1. Owners can create a halving clock. The contract can be updated as much as owners like, and so each 4 years they could update the border around the next halving cycle. If owners are vampires or have robust ancestral Bitcoiners, this NFT can be modified for over a century to 2140, when the last satoshi will be issued.
  2. By zooming into the piece, we see the final concentric rings leading into a kind of “satoshi singularity,” when the very last 100-millionth of a bitcoin will be issued.

3 and 4 illustrate manipulating the circles in extreme ways, and coloring them with varying opacity to create effects. By building on top of these circular elements, distinct patterns can be rendered. Importantly: They are nevertheless built on components that reflect underlying blockchain data.

“Miner 1”

“Miner 1” is a simple network diagram of the first Bitcoin coinbase. The 50 BTC rewards that (mostly) Satoshi drew from mining, to 128 distinct wallet addresses. It also includes the first Bitcoin transaction to Hal Finney, at the top right. Details of this visualization are here, with some links and interesting further reading from other sources.

“Miner 1” base at top, mods below.
  1. “Bitcoin Solaris.” The core of Bitcoin is the coinbase itself, emanating from the center of consensus, the first transaction in a block.
  2. Bitcoin emerging as a massive red giant star. Did the earliest miners know it would be emanating orders of magnitude beyond confines of these initial moments?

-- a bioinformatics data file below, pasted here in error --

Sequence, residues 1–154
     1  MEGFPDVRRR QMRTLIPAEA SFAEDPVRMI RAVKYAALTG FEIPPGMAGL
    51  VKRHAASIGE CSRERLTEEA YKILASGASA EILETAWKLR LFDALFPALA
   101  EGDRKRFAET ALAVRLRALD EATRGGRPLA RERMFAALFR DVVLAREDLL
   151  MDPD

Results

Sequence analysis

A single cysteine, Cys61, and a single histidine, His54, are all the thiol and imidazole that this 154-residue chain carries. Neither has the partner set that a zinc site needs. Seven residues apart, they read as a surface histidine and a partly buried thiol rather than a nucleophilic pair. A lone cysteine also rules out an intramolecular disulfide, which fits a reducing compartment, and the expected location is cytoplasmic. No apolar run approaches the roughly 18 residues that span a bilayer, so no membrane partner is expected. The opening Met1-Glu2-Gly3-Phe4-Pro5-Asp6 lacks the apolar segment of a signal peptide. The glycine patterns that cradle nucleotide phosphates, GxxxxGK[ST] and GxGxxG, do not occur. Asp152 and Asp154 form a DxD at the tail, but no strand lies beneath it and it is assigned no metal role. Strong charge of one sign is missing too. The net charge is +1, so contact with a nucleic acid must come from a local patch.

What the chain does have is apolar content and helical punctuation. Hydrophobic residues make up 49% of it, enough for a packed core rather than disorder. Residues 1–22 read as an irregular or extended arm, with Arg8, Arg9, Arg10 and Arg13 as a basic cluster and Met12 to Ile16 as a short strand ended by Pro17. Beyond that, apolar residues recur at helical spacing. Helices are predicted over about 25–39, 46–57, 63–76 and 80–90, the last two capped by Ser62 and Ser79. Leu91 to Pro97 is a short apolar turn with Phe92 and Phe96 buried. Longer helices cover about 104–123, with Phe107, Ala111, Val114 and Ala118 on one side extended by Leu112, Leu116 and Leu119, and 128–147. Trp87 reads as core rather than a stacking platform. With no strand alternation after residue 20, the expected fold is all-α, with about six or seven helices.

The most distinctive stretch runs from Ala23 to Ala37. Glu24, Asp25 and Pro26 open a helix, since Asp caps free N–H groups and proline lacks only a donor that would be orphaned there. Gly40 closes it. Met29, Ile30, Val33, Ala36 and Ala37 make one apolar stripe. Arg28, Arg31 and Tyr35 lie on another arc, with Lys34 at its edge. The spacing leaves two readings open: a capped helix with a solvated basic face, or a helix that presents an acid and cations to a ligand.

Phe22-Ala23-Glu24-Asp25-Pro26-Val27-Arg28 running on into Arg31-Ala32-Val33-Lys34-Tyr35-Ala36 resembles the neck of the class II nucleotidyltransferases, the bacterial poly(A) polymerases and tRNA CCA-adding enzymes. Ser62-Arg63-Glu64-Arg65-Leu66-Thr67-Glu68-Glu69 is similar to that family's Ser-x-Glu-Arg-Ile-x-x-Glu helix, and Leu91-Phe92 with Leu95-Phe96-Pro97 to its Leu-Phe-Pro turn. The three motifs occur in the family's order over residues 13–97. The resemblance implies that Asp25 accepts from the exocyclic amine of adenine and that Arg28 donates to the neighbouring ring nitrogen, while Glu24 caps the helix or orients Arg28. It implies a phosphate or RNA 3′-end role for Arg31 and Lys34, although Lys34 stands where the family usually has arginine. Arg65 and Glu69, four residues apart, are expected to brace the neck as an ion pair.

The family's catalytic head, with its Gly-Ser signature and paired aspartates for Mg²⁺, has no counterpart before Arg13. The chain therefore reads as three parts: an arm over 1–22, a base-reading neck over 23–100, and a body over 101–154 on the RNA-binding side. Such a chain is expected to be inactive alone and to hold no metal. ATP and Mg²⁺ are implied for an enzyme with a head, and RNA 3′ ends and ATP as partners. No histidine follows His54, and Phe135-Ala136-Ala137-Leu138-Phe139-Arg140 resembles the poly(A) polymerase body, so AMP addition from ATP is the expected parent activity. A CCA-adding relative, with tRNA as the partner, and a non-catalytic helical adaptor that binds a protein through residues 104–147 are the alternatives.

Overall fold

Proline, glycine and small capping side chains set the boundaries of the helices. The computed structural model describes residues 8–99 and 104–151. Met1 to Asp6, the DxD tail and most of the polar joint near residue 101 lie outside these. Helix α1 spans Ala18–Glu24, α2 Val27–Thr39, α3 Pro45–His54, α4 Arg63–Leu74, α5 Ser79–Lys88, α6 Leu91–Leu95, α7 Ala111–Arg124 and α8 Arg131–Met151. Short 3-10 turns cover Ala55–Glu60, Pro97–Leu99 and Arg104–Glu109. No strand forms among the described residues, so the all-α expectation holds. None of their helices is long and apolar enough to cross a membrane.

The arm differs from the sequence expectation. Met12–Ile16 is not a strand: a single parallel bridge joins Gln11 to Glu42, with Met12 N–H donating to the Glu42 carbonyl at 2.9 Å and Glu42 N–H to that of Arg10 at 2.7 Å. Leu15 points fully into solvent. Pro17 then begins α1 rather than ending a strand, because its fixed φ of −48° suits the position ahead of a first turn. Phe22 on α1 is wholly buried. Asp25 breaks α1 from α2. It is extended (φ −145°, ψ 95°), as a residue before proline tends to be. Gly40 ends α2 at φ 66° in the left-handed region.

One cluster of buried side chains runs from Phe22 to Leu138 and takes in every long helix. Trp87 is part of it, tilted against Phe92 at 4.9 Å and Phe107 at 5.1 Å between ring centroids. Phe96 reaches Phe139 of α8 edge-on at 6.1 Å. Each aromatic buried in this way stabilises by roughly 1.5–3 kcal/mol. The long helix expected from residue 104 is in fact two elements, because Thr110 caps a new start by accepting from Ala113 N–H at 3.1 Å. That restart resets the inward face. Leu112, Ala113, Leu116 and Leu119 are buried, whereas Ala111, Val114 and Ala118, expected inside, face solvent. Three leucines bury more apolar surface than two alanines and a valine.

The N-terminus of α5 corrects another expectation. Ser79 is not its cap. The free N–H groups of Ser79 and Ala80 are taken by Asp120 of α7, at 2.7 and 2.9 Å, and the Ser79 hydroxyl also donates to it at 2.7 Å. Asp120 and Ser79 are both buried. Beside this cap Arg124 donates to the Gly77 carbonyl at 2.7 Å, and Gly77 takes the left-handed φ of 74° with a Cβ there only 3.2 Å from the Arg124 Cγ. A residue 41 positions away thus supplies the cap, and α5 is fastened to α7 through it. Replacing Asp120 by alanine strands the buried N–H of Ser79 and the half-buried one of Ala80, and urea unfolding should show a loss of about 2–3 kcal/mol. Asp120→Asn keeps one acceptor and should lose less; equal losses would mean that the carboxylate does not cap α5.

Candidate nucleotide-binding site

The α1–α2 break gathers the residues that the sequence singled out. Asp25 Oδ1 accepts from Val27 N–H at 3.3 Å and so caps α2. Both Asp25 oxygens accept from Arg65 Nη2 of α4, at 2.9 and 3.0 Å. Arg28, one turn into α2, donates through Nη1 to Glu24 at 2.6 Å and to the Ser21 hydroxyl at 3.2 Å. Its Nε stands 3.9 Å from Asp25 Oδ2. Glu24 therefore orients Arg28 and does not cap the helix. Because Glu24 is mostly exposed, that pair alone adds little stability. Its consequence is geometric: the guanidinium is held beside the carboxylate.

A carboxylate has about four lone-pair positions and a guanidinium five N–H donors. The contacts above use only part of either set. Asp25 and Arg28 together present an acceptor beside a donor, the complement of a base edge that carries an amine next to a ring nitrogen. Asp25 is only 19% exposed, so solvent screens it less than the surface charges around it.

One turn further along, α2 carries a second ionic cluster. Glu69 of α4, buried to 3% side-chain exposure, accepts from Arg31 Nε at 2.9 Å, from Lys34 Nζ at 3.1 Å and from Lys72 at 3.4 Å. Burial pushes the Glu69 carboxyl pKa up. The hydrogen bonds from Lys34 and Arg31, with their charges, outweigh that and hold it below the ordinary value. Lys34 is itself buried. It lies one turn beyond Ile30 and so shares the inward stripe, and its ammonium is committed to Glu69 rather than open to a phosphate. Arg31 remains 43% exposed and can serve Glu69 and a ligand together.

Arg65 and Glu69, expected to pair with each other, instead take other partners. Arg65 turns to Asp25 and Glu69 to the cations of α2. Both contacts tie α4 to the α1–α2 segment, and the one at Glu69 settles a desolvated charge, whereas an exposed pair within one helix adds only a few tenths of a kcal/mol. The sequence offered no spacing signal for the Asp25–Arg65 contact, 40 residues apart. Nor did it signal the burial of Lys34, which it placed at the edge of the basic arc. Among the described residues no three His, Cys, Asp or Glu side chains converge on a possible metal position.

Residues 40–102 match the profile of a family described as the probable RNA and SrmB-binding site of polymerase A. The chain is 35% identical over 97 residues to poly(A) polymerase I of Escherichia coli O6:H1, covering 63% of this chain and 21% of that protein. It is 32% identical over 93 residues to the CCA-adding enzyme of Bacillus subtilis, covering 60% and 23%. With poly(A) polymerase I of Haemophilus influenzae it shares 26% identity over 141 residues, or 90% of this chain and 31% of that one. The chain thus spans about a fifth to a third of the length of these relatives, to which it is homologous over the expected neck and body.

Again 3 and 4 showcase a way of layering and manipulating elements on the SVG to render distinct effects from that core data structure. Despite the variety of representation, each is built from 16²-byte CSS operating over the graphical visualization of the first moments of Bitcoin mining.


“Security” is a radial plot, with angle based on month of the year, and radius proportional to the log of Bitcoin’s energy consumption: hash rate. As detailed here, this is fundamental to Bitcoin’s security, but it has also figured centrally in many discussions about Bitcoin from potential miner centralization to climate concerns.

“Security” base at top, mods below.
  1. A simple rescaling connotes the present network’s energy consumption according to the fears of some. The massive security “shell” of hash rate that encircles Bitcoin is still only a tiny fraction of the world’s energy.
  2. Zooming in the opposite direction, we see the initial slices of this hash rate representation. The slivers that cross into 2011 are barely visible, because the hash rate was so small you could mine Bitcoin on a personal computer.